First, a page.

Se muestran los artículos pertenecientes al tema 5.3 Modulação.
«O ministro italiano das telecomunicações, Paolo Gentiloni, anunciou que o apagão analógico das emissões televisivas no país será adiado quatro anos em relação à meta prevista (passando de 2008 para 2012), considerando que o prazo "não era realista", segundo cita o site do El Mundo.Gentiloni fez saber ainda que o Governo italiano vai aprovar um regulamento que vai obrigar os distribuidores a vender apenas televisores adaptados às novas emissões de Televisão Digital Terrestre (TDT) a partir do próximo ano. Recorde-se que 2012 é o prazo limite estabelecido pela Comissão Europeia para o encerramento das emissões analógicas em todos estados membros.» (fonte: «Apagão analógico adiado em Itália», Meios e Publiicdade, 3 de Outubro de 2007, por Maria João Morais)
«According to an article in the Sunday Telegraph newspaper, commercial radio companies in the United Kingdom are looking to set a firm end date for analog radio. The industry body RadioCentre was expected to approach the British broadcast regulator, Ofcom, about setting a shutoff date for analog radio that could be as early as 2015. An analog shutdown would mirror the transition path being followed by the television industry, which will see an end to terrestrial analog broadcasting in 2012. There is a concern, according to the Telegraph report, that only a firm analog shutoff date will ensure continued investment and development of digital radio, although there are political concerns about making millions of analog receivers obsolete»
fonte: «Call for 2015 End to Analog Radio in UK», RWOnline, 6/07/07
According to the latest study by Arbitron and Edison Media Research, The Infinite Dial 2007: Radio’s Digital Platforms, consumers are continuing to explore radio in all its digital platforms—Online Radio, Satellite Radio, HD Radio™, and audio podcasting—while maintaining a broad use of AM/FM radio.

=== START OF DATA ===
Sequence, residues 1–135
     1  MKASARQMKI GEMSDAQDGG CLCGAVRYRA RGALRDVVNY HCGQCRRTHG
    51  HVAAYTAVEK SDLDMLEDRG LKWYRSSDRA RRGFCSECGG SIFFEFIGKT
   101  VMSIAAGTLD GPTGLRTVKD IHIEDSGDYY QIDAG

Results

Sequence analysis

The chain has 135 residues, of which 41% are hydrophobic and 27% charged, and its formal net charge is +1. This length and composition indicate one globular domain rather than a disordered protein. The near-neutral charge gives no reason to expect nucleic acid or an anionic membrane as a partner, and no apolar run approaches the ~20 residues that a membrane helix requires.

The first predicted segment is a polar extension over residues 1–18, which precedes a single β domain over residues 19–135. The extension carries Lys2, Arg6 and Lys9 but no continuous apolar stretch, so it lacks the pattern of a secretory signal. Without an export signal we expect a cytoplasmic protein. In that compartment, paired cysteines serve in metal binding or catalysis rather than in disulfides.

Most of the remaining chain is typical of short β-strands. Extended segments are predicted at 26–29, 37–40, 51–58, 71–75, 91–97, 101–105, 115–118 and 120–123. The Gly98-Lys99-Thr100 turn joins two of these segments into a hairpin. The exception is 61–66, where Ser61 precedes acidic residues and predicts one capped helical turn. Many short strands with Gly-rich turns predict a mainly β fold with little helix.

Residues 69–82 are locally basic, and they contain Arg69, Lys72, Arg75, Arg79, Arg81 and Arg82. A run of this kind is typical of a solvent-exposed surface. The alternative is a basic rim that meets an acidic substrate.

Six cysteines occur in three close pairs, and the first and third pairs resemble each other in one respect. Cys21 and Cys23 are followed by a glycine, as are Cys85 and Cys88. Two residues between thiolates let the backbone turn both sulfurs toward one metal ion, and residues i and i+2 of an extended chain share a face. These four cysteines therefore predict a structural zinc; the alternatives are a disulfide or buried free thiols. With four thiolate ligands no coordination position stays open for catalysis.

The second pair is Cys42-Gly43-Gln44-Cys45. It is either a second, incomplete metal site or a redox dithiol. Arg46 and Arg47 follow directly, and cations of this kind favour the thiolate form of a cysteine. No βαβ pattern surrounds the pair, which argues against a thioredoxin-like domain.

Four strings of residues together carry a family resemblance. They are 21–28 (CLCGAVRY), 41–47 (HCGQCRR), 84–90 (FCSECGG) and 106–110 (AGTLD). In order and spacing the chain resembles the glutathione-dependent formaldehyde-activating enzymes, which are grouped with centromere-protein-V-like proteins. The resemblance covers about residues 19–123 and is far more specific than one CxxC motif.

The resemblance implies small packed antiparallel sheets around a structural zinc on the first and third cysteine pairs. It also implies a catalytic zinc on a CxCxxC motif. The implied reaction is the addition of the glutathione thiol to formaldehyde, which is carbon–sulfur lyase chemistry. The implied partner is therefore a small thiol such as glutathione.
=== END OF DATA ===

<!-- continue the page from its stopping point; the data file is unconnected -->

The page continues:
* AM/FM radio continues to have a big impact on people’s lives. The study asked consumers to rate the impact different digital audio platforms has on their lives. Nearly one in five (19 percent) consumers said radio has a big impact on their lives; ranking second only to mobile phones (35 percent) as the audio platform/device that has the biggest impact on the lives of its users.
«Contrary to commonly held beliefs, people who listen to digital radio platforms do not spend less time listening to AM/FM radio. Some industry insiders assume that people who use new digital platforms listen less to AM/FM radio. Once again, we find that people who use digital audio platforms do NOT listen less to AM/FM radio. Among respondents in our study, the average time spent listening per day to AM/FM radio was 2 hours, 37 minutes compared with 2 hours, 45 minutes a day among those who use radio's new digital platforms (listened to online radio in the last month, or subscribe to satellite radio, or have ever listened to an audio podcast). Despite the growth reported in alternatives, such as the iPod, online radio and satellite radio, the time spent listening to AM/FM radio by users of digital radio platforms has not changed versus a year ago.» (pag 13). «Radio sees the most impact on listening from iPod/digital audio player owners age 11-24. Among 12-17s and 18-24s, 18 percent in each age group say they are spending less time with over-the-air radio due to time spent with an iPodlportable MP3 player»